This serene area, booming with tourists, backpackers and climbers specially in hot seasons, is believed to be home to some ancient hoards, artifacts and other treasure troves which besides the perfect weather has drawn attention to itself. Although some of these are based on legends, there’s been Glasswares & Ceramics dating back to Parthian, Sassanids and early Islam era of Iran found here.

Other belief of the villagers is that, long back in time there once lived maidens of a legendary King up here in a citadel worshiping Water.

This castle resembles the one in Firouzabad Shiraz, namely Qaleh Dokhtar (The Maiden Castle) – a castle made by Ardashir I 209 AD.

 

The highest waterfall of Mazandaran Province, Shahandasht Waterfall at a height of 180 meters is one of many tourist attractions of the area which is near Polur village, an approximate 40-minute drive away.

A rock climbing site in Polur Complex welcomes climbers in different types such as Bouldering, Top Rope & Competition in a 900 square meter area.

Damavand

Damavand

Rineh Hot Spring

 

On south face climbs you’ll come across one amazing natural gem, the Rineh Thermal Springs. Located 21km away from Mount Damavand this natural attraction has several bathtubs and pools.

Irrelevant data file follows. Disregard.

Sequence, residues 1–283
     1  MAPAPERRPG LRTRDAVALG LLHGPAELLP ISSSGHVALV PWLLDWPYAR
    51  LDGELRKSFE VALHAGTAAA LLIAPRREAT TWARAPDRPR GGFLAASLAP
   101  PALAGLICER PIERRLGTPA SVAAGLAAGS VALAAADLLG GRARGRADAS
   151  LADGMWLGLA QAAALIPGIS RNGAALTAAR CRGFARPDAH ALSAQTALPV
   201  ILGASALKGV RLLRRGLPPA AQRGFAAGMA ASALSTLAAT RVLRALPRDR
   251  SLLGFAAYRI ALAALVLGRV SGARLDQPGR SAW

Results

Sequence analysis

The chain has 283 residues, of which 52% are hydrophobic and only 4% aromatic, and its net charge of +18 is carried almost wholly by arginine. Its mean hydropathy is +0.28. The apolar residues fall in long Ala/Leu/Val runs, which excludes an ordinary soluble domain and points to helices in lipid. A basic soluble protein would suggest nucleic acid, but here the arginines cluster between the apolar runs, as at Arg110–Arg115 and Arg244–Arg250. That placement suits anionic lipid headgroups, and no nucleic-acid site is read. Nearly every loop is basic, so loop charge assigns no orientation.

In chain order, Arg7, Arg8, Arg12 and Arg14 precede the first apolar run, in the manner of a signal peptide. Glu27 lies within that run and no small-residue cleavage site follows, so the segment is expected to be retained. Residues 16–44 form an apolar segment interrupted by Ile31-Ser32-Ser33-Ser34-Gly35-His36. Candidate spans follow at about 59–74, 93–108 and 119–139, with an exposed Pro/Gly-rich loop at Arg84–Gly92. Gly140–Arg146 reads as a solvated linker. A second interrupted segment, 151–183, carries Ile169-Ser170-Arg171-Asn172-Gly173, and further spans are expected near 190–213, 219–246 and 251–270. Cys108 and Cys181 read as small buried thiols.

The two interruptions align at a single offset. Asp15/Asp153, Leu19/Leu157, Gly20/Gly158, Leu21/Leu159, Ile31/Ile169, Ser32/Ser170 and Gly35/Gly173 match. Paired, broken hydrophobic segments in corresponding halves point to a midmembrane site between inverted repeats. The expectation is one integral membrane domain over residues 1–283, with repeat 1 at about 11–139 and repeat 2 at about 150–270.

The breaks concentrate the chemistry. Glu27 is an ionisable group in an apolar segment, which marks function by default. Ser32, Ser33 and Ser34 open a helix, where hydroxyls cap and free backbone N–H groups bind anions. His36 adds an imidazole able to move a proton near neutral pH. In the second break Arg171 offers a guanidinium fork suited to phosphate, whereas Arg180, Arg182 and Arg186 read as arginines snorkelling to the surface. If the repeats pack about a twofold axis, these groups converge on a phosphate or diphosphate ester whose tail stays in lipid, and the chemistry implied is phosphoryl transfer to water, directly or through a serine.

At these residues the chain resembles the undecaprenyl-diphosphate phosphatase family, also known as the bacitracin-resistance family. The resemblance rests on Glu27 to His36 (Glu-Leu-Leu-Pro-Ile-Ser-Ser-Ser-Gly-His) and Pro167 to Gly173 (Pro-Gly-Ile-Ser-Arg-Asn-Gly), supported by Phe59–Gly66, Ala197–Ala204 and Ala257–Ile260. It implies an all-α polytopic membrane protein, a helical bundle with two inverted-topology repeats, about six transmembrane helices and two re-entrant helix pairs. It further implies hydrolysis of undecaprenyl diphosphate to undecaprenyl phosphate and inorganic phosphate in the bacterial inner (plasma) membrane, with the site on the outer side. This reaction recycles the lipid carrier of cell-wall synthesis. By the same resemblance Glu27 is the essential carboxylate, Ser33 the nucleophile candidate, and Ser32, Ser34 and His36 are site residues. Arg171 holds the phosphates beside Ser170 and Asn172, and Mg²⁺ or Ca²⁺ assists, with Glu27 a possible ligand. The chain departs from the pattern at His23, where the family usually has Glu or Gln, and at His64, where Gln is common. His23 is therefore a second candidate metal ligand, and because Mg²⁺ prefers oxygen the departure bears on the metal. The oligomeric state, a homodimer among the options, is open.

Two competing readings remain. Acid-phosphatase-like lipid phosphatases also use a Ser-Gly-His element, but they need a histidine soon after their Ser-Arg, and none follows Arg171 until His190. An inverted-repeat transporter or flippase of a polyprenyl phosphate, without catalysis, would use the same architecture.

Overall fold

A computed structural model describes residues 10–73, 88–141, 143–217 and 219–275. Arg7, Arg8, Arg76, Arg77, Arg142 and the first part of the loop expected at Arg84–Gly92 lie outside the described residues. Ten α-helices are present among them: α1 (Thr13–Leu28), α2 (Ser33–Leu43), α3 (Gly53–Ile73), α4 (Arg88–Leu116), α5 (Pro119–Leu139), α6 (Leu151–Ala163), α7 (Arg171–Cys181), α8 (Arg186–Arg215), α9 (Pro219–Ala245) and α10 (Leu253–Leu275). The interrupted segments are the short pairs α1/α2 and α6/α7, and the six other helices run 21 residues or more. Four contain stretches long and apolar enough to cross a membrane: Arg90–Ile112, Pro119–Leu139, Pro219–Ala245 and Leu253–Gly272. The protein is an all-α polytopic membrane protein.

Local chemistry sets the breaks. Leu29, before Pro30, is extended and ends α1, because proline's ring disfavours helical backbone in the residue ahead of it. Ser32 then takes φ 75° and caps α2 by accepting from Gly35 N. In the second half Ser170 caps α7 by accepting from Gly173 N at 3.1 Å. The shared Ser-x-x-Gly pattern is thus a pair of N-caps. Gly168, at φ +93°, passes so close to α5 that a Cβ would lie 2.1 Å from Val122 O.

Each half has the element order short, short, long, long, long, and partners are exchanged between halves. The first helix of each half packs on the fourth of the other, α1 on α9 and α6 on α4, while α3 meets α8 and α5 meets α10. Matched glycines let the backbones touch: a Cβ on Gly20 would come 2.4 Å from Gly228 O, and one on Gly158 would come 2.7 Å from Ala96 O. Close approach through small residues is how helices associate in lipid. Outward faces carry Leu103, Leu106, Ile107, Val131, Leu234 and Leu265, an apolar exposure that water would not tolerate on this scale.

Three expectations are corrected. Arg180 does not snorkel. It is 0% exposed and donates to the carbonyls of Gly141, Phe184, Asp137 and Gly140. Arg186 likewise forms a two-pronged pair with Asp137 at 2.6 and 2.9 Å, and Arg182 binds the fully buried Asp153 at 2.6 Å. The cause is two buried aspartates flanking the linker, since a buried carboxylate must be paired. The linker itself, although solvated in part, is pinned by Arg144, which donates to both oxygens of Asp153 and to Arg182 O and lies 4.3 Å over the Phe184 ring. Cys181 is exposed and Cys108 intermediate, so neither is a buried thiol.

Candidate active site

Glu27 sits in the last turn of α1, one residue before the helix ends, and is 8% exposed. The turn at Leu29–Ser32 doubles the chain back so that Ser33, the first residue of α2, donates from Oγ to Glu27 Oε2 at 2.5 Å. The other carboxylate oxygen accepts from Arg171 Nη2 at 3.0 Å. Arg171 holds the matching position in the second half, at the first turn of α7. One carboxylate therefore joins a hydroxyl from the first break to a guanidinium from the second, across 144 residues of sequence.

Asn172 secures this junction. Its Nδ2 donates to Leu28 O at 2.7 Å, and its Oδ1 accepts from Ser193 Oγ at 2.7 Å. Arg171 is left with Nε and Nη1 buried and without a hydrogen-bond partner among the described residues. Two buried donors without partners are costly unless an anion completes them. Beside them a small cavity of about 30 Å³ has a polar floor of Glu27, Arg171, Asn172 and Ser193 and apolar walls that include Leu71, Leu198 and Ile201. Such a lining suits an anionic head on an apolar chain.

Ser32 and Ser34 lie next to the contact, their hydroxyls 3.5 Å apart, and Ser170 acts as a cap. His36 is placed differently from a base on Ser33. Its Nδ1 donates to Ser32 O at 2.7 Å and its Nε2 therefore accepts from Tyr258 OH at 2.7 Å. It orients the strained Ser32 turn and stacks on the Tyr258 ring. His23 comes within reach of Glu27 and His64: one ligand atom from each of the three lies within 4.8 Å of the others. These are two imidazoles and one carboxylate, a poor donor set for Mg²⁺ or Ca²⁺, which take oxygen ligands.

Different options of residence are available here and people mainly come here for its therapeutic properties from Metropolis of Tehran and other nearby towns each and every day.

 

The pleasant weather combined health benefits of thermal waters has made Rineh a popular spot not only for mountaineering adventurers but also for others looking for some quality leisure time.

 

Goosfand Sara

Goosfand Sara

Goosfand Sara (Sheepfold) or Modque Base camp

 

Goosfandsara is a mountain camping site located at 3050m altitude and is one main point as a stop in trekking to Damavand Summit. In this area there is a small mountain shelter or refuge, a mosque called Saheb Zaman (or Saheb al Zaman) and a sheepfold!

The climbing season sees to itself a lot of SUVs transferring climbers and their equipment to this campsite. Mules and porters are other means of transport available here on your way to the last campsite called Bargah Sevom.

 

Damavand

Damavand

 

Third Camp – Bargah Sevom

Coming up to the next and the last camp before reaching the top, is located Bargah Sevom at a level of 4150 meter. Standing up there you already are getting breathtaking views under your feet.

 

There is an old shelter, considered the oldest camp of Mount Damavand, and a newer hut built in 2009.